Before the increasingly unglued House Republicans vote – for the 38th time – to repeal Obamacare, they might look a bit more closely at how Americans have fared under the old system. The Republicans claim that the new law – which, lest we forget, was supported by the American Medical Association, passed by both houses of Congress, signed into law by the president, and approved by the Supreme Court – will (1) bankrupt the country and (2) diminish and “ration” care. So how did we do in the old days? According to a 2010 study of health care and spending by developed countries by the Organization for Economic Cooperation and Development (published by 24/7 Wall Street), the United States spent far more on health care than any other country and achieved worse results than most. We spent over $8,500 per person annually, including $1,000 on drugs, all of which added up to a staggering 17.7% of GDP – figures that put America in a league of its own. And the results? Off-the-charts obesity and a life expectancy that ranks America 9th from last. And yet the United States remains almost the only developed nation not to provide universal coverage.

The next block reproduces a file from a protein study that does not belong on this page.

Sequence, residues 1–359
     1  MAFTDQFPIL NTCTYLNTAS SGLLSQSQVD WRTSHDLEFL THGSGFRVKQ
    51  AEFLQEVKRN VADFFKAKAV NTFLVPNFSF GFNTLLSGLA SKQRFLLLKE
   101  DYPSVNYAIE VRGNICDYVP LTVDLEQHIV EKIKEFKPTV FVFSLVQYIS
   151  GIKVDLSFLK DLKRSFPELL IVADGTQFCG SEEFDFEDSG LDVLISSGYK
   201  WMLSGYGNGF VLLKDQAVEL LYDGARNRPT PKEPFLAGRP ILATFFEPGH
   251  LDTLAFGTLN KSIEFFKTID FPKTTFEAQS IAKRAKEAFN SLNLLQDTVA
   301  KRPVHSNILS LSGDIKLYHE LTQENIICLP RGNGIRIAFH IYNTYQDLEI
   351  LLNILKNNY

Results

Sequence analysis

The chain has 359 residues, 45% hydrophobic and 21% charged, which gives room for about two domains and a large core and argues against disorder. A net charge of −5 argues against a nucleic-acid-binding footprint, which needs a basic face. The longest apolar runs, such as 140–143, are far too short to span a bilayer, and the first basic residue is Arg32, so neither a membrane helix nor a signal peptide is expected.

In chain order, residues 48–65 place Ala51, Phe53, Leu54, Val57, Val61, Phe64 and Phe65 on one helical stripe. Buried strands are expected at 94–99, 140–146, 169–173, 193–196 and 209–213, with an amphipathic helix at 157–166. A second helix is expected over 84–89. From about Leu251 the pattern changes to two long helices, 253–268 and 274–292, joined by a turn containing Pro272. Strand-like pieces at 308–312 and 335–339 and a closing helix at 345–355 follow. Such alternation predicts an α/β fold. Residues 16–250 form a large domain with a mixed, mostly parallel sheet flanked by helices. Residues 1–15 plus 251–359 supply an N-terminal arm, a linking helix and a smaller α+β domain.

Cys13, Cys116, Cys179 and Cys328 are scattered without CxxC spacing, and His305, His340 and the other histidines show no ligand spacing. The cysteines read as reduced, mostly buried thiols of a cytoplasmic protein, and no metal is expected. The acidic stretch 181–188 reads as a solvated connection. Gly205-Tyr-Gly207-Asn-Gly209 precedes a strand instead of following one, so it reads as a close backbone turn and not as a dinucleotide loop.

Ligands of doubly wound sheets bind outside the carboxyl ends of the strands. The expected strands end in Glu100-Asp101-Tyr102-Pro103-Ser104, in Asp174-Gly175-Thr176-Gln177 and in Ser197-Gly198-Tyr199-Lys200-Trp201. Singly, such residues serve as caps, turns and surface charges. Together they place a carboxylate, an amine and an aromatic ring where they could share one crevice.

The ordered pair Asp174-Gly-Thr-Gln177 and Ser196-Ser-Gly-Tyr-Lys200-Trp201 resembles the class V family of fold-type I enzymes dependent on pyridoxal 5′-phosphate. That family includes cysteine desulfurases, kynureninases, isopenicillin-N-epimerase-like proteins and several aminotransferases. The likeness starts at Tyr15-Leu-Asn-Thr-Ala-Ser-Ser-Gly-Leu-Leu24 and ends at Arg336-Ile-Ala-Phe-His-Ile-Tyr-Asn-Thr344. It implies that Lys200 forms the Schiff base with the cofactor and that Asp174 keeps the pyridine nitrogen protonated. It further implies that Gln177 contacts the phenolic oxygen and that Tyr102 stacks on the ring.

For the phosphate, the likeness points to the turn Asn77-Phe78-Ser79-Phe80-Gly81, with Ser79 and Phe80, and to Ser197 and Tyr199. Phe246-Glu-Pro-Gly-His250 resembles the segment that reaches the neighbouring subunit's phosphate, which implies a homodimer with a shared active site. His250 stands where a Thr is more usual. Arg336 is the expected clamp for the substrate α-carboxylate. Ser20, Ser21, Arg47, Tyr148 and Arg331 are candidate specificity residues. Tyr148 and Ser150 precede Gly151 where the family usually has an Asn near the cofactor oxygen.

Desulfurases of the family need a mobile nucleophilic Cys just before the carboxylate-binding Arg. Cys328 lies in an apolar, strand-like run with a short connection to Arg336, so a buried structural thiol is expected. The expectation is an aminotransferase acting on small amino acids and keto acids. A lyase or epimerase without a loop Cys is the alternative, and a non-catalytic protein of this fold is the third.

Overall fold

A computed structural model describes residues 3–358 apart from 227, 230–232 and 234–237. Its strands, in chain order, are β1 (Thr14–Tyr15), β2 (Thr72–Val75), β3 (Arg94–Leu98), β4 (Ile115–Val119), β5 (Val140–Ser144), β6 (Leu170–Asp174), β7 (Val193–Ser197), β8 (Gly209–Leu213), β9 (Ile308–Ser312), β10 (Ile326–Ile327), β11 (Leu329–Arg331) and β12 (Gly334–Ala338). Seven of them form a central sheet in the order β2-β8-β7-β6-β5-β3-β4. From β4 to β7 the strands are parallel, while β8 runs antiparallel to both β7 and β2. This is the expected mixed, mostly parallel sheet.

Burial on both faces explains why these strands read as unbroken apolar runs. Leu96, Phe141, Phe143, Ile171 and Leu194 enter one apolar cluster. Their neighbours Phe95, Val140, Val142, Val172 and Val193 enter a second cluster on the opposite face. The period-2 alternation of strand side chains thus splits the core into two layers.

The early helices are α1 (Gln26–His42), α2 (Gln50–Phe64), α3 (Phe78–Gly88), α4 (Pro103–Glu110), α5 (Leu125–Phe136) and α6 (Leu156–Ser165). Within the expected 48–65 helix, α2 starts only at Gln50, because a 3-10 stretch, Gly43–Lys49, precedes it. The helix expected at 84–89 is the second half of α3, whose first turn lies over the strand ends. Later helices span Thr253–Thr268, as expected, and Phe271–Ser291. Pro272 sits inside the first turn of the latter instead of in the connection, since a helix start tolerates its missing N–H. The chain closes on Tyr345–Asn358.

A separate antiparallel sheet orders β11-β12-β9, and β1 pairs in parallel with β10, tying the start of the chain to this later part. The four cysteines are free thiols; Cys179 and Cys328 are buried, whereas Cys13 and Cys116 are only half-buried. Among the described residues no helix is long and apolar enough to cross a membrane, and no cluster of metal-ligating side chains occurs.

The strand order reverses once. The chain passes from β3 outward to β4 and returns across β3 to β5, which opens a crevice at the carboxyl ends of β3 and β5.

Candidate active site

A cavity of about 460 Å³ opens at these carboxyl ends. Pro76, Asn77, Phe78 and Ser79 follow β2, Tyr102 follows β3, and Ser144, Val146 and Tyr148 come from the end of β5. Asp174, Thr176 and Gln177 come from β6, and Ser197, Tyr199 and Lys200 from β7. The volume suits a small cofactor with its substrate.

Meanwhile, in a further blow to America’s personal and political health, House Republicans unanimously passed a farm bill that (1) abandons food stamps, the 40-year-old program that provides critical nutrition to the nation’s poor, and (2) reaffirms their commitment to corporate welfare by rolling back food safety measures and providing billions to special interests who gleefully [pork] belly up to the public trough.
Note: I will not be posting for a while, as I am teaching a course this week that meets from 9 a.m. to 9 p.m. Talk with you next week.